U.S. mortgage market provides warning signs for U.K. lenders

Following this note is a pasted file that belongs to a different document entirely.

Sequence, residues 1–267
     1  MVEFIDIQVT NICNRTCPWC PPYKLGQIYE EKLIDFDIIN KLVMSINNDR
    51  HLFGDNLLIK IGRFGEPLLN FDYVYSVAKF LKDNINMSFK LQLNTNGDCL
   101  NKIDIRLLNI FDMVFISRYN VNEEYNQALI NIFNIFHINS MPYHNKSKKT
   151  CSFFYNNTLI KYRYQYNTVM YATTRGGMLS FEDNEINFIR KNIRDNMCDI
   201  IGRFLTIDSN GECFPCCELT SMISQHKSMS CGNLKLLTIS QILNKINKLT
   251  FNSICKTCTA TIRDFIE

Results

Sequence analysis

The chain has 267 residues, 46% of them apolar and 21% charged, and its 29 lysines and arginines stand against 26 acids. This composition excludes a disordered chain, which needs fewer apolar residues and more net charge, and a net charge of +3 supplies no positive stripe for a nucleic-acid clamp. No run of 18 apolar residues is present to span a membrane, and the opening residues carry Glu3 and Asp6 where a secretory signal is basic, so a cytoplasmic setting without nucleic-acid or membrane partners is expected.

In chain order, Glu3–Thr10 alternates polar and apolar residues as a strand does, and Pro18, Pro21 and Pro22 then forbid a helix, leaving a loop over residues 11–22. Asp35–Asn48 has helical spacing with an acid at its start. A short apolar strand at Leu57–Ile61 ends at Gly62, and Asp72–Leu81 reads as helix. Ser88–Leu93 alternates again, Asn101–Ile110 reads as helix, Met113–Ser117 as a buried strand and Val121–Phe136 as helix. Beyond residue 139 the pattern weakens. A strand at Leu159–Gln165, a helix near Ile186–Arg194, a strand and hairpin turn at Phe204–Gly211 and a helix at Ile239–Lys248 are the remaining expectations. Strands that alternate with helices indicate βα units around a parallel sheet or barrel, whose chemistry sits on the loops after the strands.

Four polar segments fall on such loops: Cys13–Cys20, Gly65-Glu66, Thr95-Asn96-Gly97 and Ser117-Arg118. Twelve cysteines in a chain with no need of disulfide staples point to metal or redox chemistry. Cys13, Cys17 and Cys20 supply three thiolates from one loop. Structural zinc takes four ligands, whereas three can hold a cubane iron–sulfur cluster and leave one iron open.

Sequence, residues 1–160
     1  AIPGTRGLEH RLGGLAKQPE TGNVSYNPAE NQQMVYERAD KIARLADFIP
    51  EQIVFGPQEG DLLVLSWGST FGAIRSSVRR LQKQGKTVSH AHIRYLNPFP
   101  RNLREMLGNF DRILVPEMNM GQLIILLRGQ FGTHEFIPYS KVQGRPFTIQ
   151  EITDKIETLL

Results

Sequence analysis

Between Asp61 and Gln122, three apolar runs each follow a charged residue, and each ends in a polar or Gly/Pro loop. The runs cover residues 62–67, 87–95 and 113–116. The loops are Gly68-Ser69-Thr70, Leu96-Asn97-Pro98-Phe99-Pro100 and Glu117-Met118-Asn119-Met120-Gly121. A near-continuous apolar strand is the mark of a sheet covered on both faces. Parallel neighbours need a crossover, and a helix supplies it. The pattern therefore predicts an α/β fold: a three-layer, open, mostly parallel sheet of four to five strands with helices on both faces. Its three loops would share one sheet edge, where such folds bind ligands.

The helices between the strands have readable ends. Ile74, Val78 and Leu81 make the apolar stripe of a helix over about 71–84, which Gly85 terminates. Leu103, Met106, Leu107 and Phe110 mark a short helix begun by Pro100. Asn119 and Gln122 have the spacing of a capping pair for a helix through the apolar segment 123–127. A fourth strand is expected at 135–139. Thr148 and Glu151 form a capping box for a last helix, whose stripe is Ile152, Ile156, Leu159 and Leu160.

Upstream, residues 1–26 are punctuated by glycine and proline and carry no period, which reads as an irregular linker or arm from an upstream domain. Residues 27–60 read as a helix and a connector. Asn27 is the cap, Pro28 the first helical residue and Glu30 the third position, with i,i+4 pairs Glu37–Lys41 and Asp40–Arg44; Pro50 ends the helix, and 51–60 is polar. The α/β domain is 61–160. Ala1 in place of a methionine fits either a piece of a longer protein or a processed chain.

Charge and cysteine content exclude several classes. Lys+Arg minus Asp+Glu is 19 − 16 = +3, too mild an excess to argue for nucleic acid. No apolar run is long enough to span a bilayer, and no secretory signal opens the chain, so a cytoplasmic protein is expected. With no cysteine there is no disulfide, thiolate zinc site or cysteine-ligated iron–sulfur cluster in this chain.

NAMB releases new trend data on 2007 mortgage marketsMortgagePress.comMortgage trends 2007 The National Association Mortgage Brokers released new trend data that shows Mortgage Brokers continue to close fewer non-traditional (sub-prime) loans than in 2006. The data is part of an ongoing survey of Mortgage Brokers nationwide that is conducted by NAMB's research partner Wholesale Access Mortgage Research and Consulting Inc. The latest update confirms that the trend toward more traditional loans continues to be the norm in 2007 as the market corrects from a decade-long housing expansion. "This data shows that brokers are anticipating and meeting the changing needs of their customers," said NAMB President George Hanzimanolis, CRMS. "The shift in the market toward more traditional loan products is yet another reason we have cautioned Congress not to overreact to existing concerns and allow the market to adjust." Prime loans continue to make up the majority of all loans originated by Mortgage Brokers, according to the study. Though their share of the marketplace dipped slightly in April to roughly 56 percent—down from 61 percent in March—prime loans were still by far the most widely used class of mortgages. In April, only 11 percent of all loans offered were sub-prime. In 2006, 13 percent of all loans offered were sub-prime loans, designed for homebuyers with credit scores below 620. "This ongoing study further puts sub-prime mortgage issues in perspective," said Hanzimanolis. "For all the attention that these loans have received in the media, we're talking about a small—and shrinking—portion of the home-buying market." Researchers expect the monthly data to fluctuate throughout the year, as brokers adjust their loan offerings and the federal government continues to addresses concerns about the market. "There will be some volatility, but as the year progresses, the trend will be toward lower risk loans," said David Olson of Wholesale Access. "New legislation will make it more difficult to offer higher risk loans." The survey responses came from more than 200 brokers and were analyzed to compare types of loan products offered, adjustable versus fixed-rate offerings and combined loan-to-value ratios. For more information, visit www.namb.org.